Just Do It (or Make It)?


Photo: He decided to do it, but will he make it?

Knowing what to do with "make" and "do" can make a big difference.

If you follow the basic rules when choosing between the verbs do and make, you will make very few mistakes and generally do well.

Basic difference between DO and MAKE:

To DO is less creative and usually means simply executing very predictable actions.

Example: After you do laundry, your clothes will be clean.

To MAKE is more creative and usually means creating something or producing results more unique to the maker's choices.

Example: When you “make lunch,” you create a meal.

Sometimes Americans say, "We should do lunch sometime soon!" What do they mean?

"Do lunch" means to meet and have a lunch that is made by someone else, such as at a restaurant. Do is used here to mean to complete a task in a simpler sense.

Do is broader and more general. It covers almost everything and can be used as a default over "make." It could refer to capability or availability--or whether or not something is possible at all.

  • I hope there is a job that I can do.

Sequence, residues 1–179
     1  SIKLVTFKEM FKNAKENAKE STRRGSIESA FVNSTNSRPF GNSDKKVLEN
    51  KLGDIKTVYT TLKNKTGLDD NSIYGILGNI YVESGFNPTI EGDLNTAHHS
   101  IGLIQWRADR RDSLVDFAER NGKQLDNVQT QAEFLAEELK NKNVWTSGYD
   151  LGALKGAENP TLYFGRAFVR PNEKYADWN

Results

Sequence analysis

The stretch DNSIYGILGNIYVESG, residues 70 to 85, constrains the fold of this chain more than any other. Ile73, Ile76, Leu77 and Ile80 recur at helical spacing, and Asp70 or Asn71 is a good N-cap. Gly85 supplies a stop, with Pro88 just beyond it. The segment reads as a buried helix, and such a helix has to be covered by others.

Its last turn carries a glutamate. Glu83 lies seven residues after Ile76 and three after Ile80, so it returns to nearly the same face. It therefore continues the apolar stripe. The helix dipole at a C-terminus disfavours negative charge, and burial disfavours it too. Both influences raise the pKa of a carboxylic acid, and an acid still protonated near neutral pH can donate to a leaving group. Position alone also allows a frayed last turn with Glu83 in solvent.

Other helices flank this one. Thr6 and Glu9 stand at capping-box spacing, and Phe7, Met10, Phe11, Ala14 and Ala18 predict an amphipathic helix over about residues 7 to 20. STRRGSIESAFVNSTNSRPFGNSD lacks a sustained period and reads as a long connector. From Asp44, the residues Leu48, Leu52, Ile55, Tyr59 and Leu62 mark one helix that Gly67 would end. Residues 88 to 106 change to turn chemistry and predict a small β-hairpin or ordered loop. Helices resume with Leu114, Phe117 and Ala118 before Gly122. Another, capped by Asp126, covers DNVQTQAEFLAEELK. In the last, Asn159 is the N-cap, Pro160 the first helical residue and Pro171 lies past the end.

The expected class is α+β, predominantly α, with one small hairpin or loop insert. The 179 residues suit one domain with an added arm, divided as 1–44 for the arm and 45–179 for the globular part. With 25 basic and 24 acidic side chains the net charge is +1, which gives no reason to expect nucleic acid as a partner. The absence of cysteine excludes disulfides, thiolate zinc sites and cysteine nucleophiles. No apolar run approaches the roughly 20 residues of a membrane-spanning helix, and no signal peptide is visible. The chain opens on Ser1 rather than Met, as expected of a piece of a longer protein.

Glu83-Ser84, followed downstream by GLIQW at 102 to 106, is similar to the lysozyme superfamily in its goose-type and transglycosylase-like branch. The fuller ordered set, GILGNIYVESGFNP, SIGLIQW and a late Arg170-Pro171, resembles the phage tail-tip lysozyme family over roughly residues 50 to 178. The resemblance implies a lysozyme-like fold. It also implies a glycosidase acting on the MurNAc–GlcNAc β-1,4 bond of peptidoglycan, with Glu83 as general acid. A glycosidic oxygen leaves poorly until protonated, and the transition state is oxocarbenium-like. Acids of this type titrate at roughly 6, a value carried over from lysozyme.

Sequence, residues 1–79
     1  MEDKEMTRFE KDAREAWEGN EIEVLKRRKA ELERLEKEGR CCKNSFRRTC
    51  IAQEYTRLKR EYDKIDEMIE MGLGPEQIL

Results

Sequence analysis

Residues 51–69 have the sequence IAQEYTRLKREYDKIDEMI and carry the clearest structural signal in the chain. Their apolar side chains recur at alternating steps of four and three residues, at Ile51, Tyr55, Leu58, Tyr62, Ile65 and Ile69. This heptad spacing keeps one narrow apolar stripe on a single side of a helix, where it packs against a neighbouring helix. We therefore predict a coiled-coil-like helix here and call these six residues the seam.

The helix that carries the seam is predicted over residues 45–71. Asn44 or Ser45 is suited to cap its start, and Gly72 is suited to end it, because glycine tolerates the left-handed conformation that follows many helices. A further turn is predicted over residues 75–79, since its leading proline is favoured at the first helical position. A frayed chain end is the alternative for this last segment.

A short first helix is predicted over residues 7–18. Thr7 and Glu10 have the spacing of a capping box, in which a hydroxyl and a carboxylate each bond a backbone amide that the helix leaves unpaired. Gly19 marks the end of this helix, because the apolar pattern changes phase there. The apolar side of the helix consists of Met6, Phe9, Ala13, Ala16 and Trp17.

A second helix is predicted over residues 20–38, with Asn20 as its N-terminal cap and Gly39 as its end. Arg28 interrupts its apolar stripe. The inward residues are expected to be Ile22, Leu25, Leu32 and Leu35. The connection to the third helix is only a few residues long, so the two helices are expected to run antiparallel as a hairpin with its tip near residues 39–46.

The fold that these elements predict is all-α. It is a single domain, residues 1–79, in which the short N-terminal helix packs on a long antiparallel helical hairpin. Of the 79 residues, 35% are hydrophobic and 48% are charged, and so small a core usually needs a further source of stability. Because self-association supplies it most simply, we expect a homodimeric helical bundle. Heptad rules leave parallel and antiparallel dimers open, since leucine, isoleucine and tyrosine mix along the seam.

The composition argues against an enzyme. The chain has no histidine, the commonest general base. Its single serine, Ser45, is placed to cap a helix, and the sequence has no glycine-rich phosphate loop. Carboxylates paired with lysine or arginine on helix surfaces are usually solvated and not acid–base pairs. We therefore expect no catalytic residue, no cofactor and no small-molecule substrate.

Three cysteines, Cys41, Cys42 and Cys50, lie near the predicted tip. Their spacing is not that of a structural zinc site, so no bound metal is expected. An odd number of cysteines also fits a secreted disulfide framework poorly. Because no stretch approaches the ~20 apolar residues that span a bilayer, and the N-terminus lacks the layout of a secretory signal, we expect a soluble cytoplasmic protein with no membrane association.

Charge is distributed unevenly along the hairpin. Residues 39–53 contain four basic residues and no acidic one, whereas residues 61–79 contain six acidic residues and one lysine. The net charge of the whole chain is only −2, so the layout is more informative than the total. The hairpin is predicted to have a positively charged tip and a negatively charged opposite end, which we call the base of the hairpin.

• We do a few things around the house on the weekends.

  • What does she want to do about this problem?

Sometimes American's say "I can't make it." How is this different from "I can't do it" ?

The phrase "can't make it" means unable to arrive at some point at the right time or for the right result.

  • He can play the piano very well, but he can't make it (arrive) this evening to play for us. (He could do it, but he can't make it.)

  • He needed to answer 80% of the questions correctly to pass the test, but without studying, he did not make it (achieve). (He could have done it, but he didn't make it.)

  • His health was very now, so although he wanted to travel in the spring, he did not make it through (survive) the cold winter. (He wanted to do it, but he did not make it.)

Do and make often appear together.

Here are some examples:

  • We will do (engage in) business together if we can make (create) a contract.

  • When he didn't want to do (complete) all of his exercises, he made (invented) excuses.

  • We will make (decide on) the priorities and try to do (complete) most of the work today.

We made it! We are done.

Thanks for reading. What will YOU do-- and make-- today?

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